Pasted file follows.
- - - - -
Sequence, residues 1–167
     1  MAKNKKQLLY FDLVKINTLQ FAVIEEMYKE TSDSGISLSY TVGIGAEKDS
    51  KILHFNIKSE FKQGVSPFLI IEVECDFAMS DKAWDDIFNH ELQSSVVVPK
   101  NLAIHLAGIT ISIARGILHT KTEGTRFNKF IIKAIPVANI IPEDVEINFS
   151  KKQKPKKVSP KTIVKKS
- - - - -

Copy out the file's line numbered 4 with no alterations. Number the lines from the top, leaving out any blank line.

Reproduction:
   101  NLAIHLAGIT ISIARGILHT KTEGTRFNKF IIKAIPVANI IPEDVEINFS